Herpes simplex meningitis after removal of a vestibular schwannoma

Case report and review of the literature

Grant W. Mallory, John W. Wilson, Marina L. Castner, Colin L.W. Driscoll, Michael J. Link

Research output: Contribution to journalReview article

3 Citations (Scopus)

Abstract

Objective: We present a case of postoperative herpes simplex type 1 viral meningitis after retrosigmoid craniotomy and uncomplicated removal of a vestibular schwannoma. This is a very rare complication that can mimic aseptic meningitis and could lead to devastating consequences for the patient, if unrecognized. PATIENT: A healthy 49-year-old woman underwent retrosigmoid craniotomy and resection of a 2.4-cm vestibular schwannoma. She developed worsening headache and low-grade fever on postoperative Day 10 and underwent lumbar puncture showing a lymphocyte predominant pleocytosis. Polymerase chain reaction was positive for herpes simplex type 1 virus; bacterial cultures were negative. The patient subsequently developed a pseudomeningocele and mild hydrocephalus. INTERVENTION: The patient was readmitted to the hospital, started on corticosteroids, and a lumbar drain was placed. She completed a 14-day course of antiviral therapy (4 d intravenous as an inpatient and 10 d oral outpatient therapy). Results: At 1 month follow-up, she was completely asymptomatic, and her pseudomeningocele had resolved. Conclusion: The diagnosis of herpes simplex viral meningitis should be suspected in clinical cases of postsurgical meningitis with a lymphocyte predominant pleocytosis and negative bacterial cultures. Antiviral therapy should be initiated immediately after confirmatory polymerase chain reaction testing to avoid potential long-term sequelae of a herpes simplex infection of the central nervous system.

Original languageEnglish (US)
Pages (from-to)1422-1425
Number of pages4
JournalOtology and Neurotology
Volume33
Issue number8
DOIs
StatePublished - Oct 2012

Fingerprint

Herpes Simplex
Acoustic Neuroma
Viral Meningitis
Meningitis
Craniotomy
Leukocytosis
Antiviral Agents
Lymphocytes
Aseptic Meningitis
Central Nervous System Infections
Polymerase Chain Reaction
Spinal Puncture
Human Herpesvirus 1
Hydrocephalus
Headache
Inpatients
Adrenal Cortex Hormones
Fever
Outpatients
Therapeutics

Keywords

  • Craniotomy
  • Herpes simplex virus
  • Infection
  • Vestibular schwannoma

ASJC Scopus subject areas

  • Otorhinolaryngology
  • Sensory Systems
  • Clinical Neurology

Cite this

Herpes simplex meningitis after removal of a vestibular schwannoma : Case report and review of the literature. / Mallory, Grant W.; Wilson, John W.; Castner, Marina L.; Driscoll, Colin L.W.; Link, Michael J.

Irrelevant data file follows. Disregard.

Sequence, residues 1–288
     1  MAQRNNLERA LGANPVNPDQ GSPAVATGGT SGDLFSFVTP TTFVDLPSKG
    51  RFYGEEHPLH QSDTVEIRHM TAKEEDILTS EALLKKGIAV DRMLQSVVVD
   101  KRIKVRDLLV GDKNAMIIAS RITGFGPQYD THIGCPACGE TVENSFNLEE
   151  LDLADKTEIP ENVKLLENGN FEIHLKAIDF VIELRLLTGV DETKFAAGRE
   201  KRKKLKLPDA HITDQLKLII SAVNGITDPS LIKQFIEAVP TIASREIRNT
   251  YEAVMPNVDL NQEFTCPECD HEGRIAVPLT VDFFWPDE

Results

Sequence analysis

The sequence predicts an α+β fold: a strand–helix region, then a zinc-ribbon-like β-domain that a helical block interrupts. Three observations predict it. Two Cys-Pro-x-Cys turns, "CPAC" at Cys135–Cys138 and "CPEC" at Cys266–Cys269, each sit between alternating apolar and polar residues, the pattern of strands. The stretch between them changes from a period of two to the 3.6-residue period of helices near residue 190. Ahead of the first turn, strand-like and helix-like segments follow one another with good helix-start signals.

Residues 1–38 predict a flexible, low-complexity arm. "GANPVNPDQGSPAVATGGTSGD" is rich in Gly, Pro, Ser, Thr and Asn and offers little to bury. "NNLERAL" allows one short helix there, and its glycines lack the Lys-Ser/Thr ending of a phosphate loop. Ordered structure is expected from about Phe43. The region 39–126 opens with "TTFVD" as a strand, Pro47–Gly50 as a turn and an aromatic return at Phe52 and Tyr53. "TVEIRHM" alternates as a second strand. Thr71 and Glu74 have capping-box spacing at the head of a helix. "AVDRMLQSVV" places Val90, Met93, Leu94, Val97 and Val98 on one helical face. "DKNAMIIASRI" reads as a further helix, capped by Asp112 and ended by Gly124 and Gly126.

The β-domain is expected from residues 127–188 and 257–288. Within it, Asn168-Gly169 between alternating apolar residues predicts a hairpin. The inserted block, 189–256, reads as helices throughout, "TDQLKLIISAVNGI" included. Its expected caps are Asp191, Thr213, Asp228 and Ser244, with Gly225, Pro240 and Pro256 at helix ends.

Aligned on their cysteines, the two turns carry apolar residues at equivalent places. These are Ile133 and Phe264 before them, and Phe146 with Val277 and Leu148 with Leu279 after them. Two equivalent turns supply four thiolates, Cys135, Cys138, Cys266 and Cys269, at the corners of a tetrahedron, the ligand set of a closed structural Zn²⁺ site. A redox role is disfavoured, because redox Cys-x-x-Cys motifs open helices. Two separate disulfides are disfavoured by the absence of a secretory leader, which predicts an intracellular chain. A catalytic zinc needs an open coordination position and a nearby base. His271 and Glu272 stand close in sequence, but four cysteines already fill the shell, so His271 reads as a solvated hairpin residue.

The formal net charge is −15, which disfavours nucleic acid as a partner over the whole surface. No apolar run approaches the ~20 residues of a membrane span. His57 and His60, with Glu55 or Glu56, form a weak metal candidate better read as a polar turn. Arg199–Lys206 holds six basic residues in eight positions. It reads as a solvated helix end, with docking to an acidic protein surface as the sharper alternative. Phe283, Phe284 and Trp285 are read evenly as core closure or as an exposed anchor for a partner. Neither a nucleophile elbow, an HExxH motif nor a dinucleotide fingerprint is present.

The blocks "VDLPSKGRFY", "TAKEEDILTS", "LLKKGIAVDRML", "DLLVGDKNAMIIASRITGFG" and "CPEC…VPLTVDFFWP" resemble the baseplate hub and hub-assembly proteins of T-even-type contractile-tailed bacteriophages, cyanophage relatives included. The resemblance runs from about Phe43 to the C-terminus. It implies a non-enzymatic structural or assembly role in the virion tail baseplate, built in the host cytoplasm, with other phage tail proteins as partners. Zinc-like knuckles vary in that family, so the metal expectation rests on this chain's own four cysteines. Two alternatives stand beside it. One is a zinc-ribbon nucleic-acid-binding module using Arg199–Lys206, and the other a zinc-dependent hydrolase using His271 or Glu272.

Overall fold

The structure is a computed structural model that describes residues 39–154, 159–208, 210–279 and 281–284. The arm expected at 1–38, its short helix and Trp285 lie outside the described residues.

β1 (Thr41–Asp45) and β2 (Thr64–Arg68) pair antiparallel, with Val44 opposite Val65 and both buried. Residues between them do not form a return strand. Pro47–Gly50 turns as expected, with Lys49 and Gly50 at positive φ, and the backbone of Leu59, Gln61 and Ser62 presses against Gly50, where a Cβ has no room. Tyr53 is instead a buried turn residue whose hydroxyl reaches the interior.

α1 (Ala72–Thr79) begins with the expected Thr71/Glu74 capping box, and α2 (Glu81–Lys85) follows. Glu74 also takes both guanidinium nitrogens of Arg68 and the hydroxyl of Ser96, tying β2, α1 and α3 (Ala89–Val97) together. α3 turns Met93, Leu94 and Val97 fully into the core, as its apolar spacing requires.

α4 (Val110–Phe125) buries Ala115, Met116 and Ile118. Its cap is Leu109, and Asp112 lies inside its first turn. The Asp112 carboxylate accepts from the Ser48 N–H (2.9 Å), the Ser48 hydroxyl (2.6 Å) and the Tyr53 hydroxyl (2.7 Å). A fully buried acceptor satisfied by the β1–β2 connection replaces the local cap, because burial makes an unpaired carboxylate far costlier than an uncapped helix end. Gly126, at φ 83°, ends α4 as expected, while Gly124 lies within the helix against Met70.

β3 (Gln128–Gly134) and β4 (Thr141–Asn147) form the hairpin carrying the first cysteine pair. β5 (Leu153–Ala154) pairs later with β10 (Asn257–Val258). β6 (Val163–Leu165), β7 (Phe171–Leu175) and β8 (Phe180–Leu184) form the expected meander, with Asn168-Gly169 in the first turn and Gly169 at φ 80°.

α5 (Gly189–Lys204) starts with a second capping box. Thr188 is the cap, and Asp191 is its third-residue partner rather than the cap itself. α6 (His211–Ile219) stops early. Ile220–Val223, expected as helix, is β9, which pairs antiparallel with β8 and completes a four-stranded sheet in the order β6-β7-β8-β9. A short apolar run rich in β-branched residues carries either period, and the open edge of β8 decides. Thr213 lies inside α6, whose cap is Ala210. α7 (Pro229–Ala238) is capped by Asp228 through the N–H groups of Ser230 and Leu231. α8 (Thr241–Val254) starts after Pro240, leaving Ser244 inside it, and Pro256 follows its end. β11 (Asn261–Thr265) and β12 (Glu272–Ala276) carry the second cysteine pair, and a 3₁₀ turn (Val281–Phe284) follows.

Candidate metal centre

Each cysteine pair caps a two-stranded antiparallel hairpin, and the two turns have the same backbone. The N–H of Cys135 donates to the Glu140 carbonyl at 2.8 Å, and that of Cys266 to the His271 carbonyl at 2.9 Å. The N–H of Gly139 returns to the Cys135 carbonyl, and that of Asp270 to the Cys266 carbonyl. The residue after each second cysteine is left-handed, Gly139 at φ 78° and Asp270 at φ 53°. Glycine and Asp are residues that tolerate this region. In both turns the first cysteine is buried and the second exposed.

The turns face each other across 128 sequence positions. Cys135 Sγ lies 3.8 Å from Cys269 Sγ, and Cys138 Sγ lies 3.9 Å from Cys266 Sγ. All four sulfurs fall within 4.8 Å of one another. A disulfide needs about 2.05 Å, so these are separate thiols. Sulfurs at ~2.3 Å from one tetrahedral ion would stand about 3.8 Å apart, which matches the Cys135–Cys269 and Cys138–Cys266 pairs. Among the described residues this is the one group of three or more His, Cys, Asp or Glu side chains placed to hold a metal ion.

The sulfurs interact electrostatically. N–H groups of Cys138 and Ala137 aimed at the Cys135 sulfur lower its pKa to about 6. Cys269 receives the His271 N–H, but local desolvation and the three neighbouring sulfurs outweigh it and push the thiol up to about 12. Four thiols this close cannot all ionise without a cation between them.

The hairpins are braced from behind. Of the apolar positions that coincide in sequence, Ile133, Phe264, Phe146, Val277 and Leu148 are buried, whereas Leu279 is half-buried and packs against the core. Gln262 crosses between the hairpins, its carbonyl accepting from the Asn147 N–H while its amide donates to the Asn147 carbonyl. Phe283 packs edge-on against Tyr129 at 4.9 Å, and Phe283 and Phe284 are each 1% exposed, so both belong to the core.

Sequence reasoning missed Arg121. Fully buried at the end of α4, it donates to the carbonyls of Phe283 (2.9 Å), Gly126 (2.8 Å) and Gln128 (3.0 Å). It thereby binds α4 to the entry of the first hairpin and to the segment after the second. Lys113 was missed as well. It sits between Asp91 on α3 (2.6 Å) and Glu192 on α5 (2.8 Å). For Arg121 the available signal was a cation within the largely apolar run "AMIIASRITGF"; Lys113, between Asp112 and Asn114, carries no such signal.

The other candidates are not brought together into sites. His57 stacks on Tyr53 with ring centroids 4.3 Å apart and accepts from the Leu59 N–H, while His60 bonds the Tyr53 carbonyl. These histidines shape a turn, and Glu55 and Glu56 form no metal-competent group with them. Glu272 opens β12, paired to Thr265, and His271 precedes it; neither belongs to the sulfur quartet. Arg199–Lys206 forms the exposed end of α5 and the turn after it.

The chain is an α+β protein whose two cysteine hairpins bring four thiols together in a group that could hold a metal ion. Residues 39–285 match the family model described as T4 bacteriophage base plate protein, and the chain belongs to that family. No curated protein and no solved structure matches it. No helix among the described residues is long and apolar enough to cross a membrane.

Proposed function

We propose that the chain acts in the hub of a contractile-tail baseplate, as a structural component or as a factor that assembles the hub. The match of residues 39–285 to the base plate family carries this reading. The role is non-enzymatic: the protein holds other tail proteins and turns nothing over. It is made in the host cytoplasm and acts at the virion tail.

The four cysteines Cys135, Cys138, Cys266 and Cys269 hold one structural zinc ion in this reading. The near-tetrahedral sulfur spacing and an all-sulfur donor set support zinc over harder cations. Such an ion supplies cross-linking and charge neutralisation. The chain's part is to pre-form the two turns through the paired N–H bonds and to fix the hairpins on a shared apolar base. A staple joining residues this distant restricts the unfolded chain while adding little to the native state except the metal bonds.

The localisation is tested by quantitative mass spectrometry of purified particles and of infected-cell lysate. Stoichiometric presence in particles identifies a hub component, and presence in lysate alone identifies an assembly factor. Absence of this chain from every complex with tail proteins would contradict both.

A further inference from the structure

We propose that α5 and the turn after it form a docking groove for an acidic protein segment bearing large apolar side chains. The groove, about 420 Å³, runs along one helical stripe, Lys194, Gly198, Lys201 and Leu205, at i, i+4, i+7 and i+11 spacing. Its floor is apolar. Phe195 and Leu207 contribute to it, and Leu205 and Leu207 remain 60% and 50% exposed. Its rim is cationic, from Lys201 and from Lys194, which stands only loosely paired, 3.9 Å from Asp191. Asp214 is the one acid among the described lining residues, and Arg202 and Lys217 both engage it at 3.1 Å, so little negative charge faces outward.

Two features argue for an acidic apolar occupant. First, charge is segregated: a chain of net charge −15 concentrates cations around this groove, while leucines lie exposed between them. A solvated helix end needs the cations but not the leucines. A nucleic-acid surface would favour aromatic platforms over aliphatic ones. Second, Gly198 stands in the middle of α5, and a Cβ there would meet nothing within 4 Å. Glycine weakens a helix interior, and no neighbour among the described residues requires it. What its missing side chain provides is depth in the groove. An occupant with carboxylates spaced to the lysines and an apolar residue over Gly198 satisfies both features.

In: Otology and Neurotology, Vol. 33, No. 8, 10.2012, p. 1422-1425.

Research output: Contribution to journalReview article

Mallory, Grant W. ; Wilson, John W. ; Castner, Marina L. ; Driscoll, Colin L.W. ; Link, Michael J. / Herpes simplex meningitis after removal of a vestibular schwannoma : Case report and review of the literature. In: Otology and Neurotology. 2012 ; Vol. 33, No. 8. pp. 1422-1425.
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AB - Objective: We present a case of postoperative herpes simplex type 1 viral meningitis after retrosigmoid craniotomy and uncomplicated removal of a vestibular schwannoma. This is a very rare complication that can mimic aseptic meningitis and could lead to devastating consequences for the patient, if unrecognized. PATIENT: A healthy 49-year-old woman underwent retrosigmoid craniotomy and resection of a 2.4-cm vestibular schwannoma. She developed worsening headache and low-grade fever on postoperative Day 10 and underwent lumbar puncture showing a lymphocyte predominant pleocytosis. Polymerase chain reaction was positive for herpes simplex type 1 virus; bacterial cultures were negative. The patient subsequently developed a pseudomeningocele and mild hydrocephalus. INTERVENTION: The patient was readmitted to the hospital, started on corticosteroids, and a lumbar drain was placed. She completed a 14-day course of antiviral therapy (4 d intravenous as an inpatient and 10 d oral outpatient therapy). Results: At 1 month follow-up, she was completely asymptomatic, and her pseudomeningocele had resolved. Conclusion: The diagnosis of herpes simplex viral meningitis should be suspected in clinical cases of postsurgical meningitis with a lymphocyte predominant pleocytosis and negative bacterial cultures. Antiviral therapy should be initiated immediately after confirmatory polymerase chain reaction testing to avoid potential long-term sequelae of a herpes simplex infection of the central nervous system.

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